JUST IN: Weaponization Committee suggests FTC has targeted Twitter for political reasons

by Summer Lane

Photo: Alamy

House Judiciary Chairman Jim Jordan, R-Ohio, has sent a letter to the Federal Trade Commission (FTC) revealing an oversight investigation into their “abuse of its statutory authorities in investigating Twitter.”

According to a press statement from the committee, this new letter from Rep. Jordan presents evidence that suggests the FTC’s actions against Tesla and SpaceX CEO Elon Musk have had underlying motivations. These actions, according to Jordan, are specifically related to Musk’s acquisition of Twitter last year.

Their statement noted:

“In October 2019, Twitter self-reported a privacy issue that led to a tentative settlement agreement between Twitter and the FTC that was reached in 2021 with then-Acting Chair Slaughter. However, the FTC did not take action against Twitter until May 2022—after Khan had been designated as Chair and Musk’s acquisition became apparent. The timeline of the FTC’s actions raise significant questions, and after the Committee’s close examination of the newly revealed information, it appears that then-Acting Chair Slaughter and current Chair Khan did not intend to take action against Twitter until Elon Musk’s impending acquisition and the political pressure campaign that followed.”

Jordan wrote that on April 12, 2023, “after efforts to obtain your voluntary compliance,” the committee “issued a subpoena for documents relating to the FTC’s investigation of Twitter.” He said that the FTC claimed that they could not produce the aforementioned documents.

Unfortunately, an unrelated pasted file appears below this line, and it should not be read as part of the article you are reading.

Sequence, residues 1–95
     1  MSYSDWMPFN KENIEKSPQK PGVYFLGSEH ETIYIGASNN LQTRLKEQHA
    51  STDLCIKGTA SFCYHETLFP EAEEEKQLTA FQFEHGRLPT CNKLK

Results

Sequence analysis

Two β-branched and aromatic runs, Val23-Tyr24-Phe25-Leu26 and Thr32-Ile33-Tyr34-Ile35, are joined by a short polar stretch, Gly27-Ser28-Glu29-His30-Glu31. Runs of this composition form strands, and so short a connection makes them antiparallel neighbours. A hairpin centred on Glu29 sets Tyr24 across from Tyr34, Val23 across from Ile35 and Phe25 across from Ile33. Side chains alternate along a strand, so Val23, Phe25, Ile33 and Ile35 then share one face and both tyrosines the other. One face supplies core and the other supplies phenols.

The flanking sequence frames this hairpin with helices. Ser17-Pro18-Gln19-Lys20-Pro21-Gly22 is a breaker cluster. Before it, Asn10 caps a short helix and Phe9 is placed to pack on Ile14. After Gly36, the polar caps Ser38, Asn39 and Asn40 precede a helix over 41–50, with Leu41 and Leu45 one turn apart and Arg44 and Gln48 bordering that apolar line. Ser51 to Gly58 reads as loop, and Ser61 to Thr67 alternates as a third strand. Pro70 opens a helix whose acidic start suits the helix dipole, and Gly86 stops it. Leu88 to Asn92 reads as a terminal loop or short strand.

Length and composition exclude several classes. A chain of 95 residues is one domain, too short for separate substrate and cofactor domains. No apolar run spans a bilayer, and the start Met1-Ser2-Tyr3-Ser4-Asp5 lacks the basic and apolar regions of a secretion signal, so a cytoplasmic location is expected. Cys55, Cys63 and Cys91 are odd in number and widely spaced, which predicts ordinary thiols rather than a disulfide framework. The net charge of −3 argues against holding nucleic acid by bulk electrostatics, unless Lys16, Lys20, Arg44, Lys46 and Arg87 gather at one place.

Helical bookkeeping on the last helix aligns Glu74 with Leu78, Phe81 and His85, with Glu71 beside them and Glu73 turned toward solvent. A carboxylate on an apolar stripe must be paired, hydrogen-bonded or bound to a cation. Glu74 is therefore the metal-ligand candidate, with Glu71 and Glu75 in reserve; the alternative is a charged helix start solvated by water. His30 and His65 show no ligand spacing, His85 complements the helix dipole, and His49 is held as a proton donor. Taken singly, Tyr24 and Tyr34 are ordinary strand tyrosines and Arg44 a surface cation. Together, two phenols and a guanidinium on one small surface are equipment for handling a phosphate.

On May 8, 2023, Jordan noted that the committee was briefed by the FTC on the situation.

Further, “From the FTC’s briefing and subsequent letter, it appears that the FTC acted against Twitter in May 2022 as a result of Elon Musk’s (at the time potential) acquisition of the company….”

Jordan pointed out that the timeline of the FTC’s actions (or lack of action) against Twitter “raises significant questions” and there is an “unjustified approximate one-year gap in the FTC’s actions with respect to Twitter.”

He added, “A reasonable conclusion is that neither you nor Acting Chair Slaughter seriously planned to take action against Twitter until political pressure arose given Mr. Musk’s impending acquisition. The FTC’s decision to enter the May 2022 Order after Mr. Musk’s acquisition became apparent gave the FTC the power to then harass Twitter under cover of the May 2022 Order. Put simply, what the Committee has learned of the FTC’s actions reinforces the concern.”

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